We have a simple analogue dial-based room thermostat. The sort of thing that costs about £15. I'm considering replacing it with a programmable one - which would cost maybe £30.

When I recently went to buy a timer plug for an electrical appliance, I could buy a wifi-enabled one for much the same price (£10) as a normal programmable one, but that allowed me to set the schedule, etc using an app, which I found much more convenient.

How come this isn't a thing for a room thermostat? Instead I seem to need to buy an expensive thermostat, some sort of hub, etc, etc. Easily £100+.

Is it because a typical room thermostat doesn't have a mains connection and so having normal wifi built-in would drain the batteries too much? Or something else?

  • 1
    Voting to close as this is an opinion-based question.
    – jwh20
    Oct 28, 2020 at 16:10
  • @jwh20 is it? I'm just wanting to know the technical reasons why such things aren't available. I assume if it were possible, there would be such products out there.
    – xorsyst
    Oct 28, 2020 at 16:11
  • 1
    off topic, but check out wyze, new wifi thermostat for $50
    – Jon
    Oct 28, 2020 at 18:16

2 Answers 2


Simple programmable thermostats use so little energy that they can run a meaningful amount of time on batteries.

WiFi requires a considerable energy budget. That characteristic of WiFi is why Bluetooth was created, to make earbuds, headphones etc. possible. You'd have to change batteries twice a week if you had a battery powered WiFi thermostat!

As such, a WiFi thermostat needs to have a means to sap its own internal power needs off of the power going to the furnace etc. That's actually a bit tricky, especially to get past regulators (i.e. to have a TUV, BSI or genuine, earned CE mark.)

Also, you are comparing apples and oranges. Many of the "WiFi smart plugs" you are seeing are cheap Cheese junk that is direct-imported, or direct-imported using Amazon's warehouses as a free-trade zone drop ship point. The upshot is that the CE certification is worthless and faked. That the item has earned its CE mark is the responsibility of the importer. That's you. If you got it from Amazon, don't look at them - they insist they're "just a platform" for the third party seller you actually did buy the item from... And that seller has no presence in Europe, so not responsible for safety compliance.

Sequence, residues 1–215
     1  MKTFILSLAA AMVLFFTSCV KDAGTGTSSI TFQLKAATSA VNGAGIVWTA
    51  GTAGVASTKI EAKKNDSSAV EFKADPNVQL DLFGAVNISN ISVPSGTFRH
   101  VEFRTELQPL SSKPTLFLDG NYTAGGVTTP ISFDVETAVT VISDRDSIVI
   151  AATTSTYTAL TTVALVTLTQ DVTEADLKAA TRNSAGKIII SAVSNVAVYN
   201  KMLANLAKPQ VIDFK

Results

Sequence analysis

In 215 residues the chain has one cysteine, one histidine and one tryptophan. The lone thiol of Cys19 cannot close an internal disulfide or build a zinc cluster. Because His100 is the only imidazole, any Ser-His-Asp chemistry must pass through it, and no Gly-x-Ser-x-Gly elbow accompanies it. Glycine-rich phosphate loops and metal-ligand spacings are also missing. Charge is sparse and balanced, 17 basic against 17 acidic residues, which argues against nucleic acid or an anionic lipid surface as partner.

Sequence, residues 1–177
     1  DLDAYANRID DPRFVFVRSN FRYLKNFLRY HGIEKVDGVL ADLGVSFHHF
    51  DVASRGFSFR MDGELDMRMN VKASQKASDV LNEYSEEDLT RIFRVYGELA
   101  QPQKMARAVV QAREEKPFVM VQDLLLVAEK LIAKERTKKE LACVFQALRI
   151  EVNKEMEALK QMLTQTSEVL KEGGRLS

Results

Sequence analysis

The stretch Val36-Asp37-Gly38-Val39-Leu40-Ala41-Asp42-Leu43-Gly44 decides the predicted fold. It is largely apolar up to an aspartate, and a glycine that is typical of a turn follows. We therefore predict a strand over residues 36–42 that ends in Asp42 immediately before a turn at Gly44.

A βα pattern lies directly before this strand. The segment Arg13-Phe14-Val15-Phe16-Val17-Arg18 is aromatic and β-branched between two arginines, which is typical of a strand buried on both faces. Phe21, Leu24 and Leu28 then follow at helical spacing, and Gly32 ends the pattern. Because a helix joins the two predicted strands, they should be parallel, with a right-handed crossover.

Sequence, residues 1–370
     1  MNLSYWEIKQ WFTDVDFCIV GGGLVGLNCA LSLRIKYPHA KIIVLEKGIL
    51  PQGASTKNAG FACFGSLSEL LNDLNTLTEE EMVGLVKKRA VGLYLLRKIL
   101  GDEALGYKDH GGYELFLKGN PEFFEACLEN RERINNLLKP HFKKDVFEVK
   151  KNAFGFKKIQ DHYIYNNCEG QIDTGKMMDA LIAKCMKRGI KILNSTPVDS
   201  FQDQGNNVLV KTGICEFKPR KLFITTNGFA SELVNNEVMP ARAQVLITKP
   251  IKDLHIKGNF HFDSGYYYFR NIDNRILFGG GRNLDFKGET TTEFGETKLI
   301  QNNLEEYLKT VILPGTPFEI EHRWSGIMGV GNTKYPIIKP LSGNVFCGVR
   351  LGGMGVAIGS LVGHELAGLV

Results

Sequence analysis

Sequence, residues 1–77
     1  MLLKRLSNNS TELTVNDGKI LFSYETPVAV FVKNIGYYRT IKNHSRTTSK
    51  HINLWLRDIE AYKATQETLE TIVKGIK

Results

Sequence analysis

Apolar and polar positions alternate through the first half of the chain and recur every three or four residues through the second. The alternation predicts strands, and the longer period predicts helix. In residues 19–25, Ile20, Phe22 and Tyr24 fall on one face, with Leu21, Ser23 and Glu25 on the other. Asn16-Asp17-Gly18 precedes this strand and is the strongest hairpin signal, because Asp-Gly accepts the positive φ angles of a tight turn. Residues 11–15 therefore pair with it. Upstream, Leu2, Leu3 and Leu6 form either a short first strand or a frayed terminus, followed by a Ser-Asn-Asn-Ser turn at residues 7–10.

Apparently our far-Eastern communist buddies are not that keen on offering dirt cheap WiFi smart 'stats for sale, or else they'd hit your price point too, I'm sure. Probably for the best.

  • 1
    Actually, it's no longer the case that the bulk of the wifi smart plugs on amazon are uncertified junk. Many of them are actually advertising their UL listing now, such as this $15 two-pack: amazon.com/TP-LINK-HS103P2-Required-Google-Assistant/dp/…
    – Nate S.
    Oct 28, 2020 at 21:09
  • 1
    @NateS. TP-LINK is a "real" company. But there are others that are not. Oct 28, 2020 at 23:30
  • 1
    For sure, but also that's not the only one. Basically, now that real companies are making them at scale for low cost, the fake ones are going away to some degree. They're still out there, but they're no longer in the top results on Amazon like they used to be.
    – Nate S.
    Oct 29, 2020 at 1:58
  • One of the many reasons I don't buy from Amazon unless I really need to! Thankfully Argos is doing a decent job these days of stocking lots of the same stuff and near comparable price points.
    – xorsyst
    Oct 29, 2020 at 9:21

Mass Production/Supply & Demand

The electronics in a WiFi "anything" are actually pretty complex. Computer (microcontroller), non-volatile memory, radio transmitter/receiver, etc. The reason these things are at anything close to an affordable price is mass production. With many products, especially consumer electronics, that actually includes both individual components and the complete product.

A plug-in WiFi timer, WiFi thermostat, WiFi video camera, WiFi doorbell, etc. all rely on mass produced components, such as WiFi chips that include a radio as well as "glue" circuitry to connect to a computer and microcontrollers that include a processor, a little bit of RAM, a little bit of non-volatile memory, etc.

However, the second part matters too. If you produce 1,000 of a product it is essentially bespoke - and expensive. If you produce 10,000 you can get the price down quite a bit as many of the components (e.g., cases) can be produced more efficiently, though with a higher initial cost (for molds, etc.) spread across the production run. Get up to 100,000 or 1,000,000 and the effective per-unit cost drops dramatically. What I suspect you are encountering is a much larger market for plug-in timers (anyone can use one easily, at any time) than thermostats (most people replace them only once every several years, only have 1 or 2 per house, etc.).

Demand for a product influences production directly and also introduces competitive pressure. If more companies are competing to produce an item, some will try to compete on price, which generally lowers prices for all. (Not 100% - some companies will produce a "premium" product and keep their prices up through exclusivity - e.g., Apple vs. "everyone else".)

Not the answer you're looking for? Browse other questions tagged or ask your own question.